Quite a few years back I explored opening a moonshine distillery in St Andrews. I’m not writing about about that today - although I do want to go on record saying that moonshine is the most iconic drink that no-one has ever tasted - and thus a massive opportunity.

The most important thing in early-stage development work, which is taking an idea from a prototype, is to work out what information you are dealing with and to structure a database around that.

Every website is really just an interface to a database. Facebook is a database of your friends, photos and messages. Google is a database of web pages. Working out the structure of this database and the relationships between things is something that has to be done very early.

Facebook is a great example of this. When Facebook started in 2005 or so, it was almost defined by a single database feature. You were friends with people and they were friends with you - but you couldn’t be friends with someone and them not be friends with you. Believe it or not, this was actually quite unique at the time.

Your friendships form what is known as a has and belongs to many relationship. You have many friends, and you also belong to many friends (ie. are a friend of them). To represent this you would make a list of People and a list of Friendships.




Person 1 Person 2
Bart Ralph
Lisa Bart
Ralph Lisa

In a real database we’d give every person an ID number because: 1. Numbers are much faster to deal with than text. 2. ID numbers don’t change - if Bart changed his name to Fartman then we’d need to update his name everywhere in our friendships list.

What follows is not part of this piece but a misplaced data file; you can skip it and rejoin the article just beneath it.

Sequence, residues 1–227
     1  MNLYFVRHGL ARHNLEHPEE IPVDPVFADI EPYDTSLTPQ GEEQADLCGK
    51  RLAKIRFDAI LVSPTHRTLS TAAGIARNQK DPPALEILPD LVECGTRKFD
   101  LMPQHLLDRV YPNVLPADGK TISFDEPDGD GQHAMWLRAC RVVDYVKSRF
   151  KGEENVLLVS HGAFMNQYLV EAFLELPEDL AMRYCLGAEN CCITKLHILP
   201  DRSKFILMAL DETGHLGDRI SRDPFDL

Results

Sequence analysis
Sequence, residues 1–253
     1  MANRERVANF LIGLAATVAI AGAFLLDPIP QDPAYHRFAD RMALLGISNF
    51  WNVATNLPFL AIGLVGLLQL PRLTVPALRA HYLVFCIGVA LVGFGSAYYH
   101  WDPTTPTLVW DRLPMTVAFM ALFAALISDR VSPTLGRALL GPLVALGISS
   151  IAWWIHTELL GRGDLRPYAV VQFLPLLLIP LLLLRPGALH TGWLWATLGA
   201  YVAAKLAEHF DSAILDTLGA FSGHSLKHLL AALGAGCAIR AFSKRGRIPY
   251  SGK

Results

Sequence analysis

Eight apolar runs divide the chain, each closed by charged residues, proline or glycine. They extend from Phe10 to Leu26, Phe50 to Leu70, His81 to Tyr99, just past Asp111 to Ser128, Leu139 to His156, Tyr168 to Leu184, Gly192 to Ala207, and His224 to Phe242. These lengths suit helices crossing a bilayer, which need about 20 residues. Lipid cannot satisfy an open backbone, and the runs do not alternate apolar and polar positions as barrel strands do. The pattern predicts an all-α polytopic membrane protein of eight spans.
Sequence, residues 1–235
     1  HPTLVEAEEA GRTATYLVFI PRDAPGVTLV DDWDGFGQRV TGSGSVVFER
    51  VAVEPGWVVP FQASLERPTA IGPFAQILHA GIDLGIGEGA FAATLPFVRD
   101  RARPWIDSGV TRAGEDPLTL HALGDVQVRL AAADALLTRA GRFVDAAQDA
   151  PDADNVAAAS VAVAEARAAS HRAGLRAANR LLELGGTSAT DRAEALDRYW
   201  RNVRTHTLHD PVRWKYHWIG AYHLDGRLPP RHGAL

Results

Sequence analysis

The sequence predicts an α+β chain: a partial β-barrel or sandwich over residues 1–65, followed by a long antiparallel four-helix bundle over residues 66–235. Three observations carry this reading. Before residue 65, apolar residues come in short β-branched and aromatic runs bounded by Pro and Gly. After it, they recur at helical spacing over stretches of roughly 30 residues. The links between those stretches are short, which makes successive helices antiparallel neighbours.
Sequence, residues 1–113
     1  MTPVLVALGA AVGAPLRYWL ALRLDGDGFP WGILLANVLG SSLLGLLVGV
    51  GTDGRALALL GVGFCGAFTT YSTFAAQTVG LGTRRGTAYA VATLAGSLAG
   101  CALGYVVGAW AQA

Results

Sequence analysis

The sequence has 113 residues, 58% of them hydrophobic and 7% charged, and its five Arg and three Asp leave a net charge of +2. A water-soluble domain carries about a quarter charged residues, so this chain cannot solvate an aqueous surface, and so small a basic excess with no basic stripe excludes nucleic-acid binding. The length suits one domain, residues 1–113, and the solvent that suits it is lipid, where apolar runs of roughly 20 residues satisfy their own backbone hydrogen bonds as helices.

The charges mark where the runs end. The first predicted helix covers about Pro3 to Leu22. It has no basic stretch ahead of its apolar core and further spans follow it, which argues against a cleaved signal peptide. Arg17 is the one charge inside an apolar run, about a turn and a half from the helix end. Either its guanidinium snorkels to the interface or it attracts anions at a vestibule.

It’s important to note that to find who Lisa is friends with, we have to look at both columns.

I’ve gone off track into basic database theory here, so let’s get back to what I was writing about!

When I look at developing a system, I have to look at the business and basically work out how to fit the whole business into a spreadsheet like Excel.

To take an example, let’s say we’re building a database for a kindergarten. We’ll have sheets (table in database language) called Children, Classes, Teachers, Parents.

Like real life, the tricky bit comes in relationships.

Can a Child be in more than one class? Does a class have more than one teacher? Do teachers teach more than one class?

It’s pretty interesting stuff when you dive into it, but to really be successful you need to be something of an insider on the business or industry you are approaching. It’s just not possible to nail down a database structure as an outsider and I think this is why so many successful startups come from people making something to solve a problem they’ve encountered in their own industry.

Here’s a list of tables from Boxmove, a logistics company I co-founded.

Boxmove database

It’s constantly changing but that structure represents basically our entire operational business. Other non-core elements of the business like payroll and finance are managed in other databases that I’m thankful I don’t have to maintain.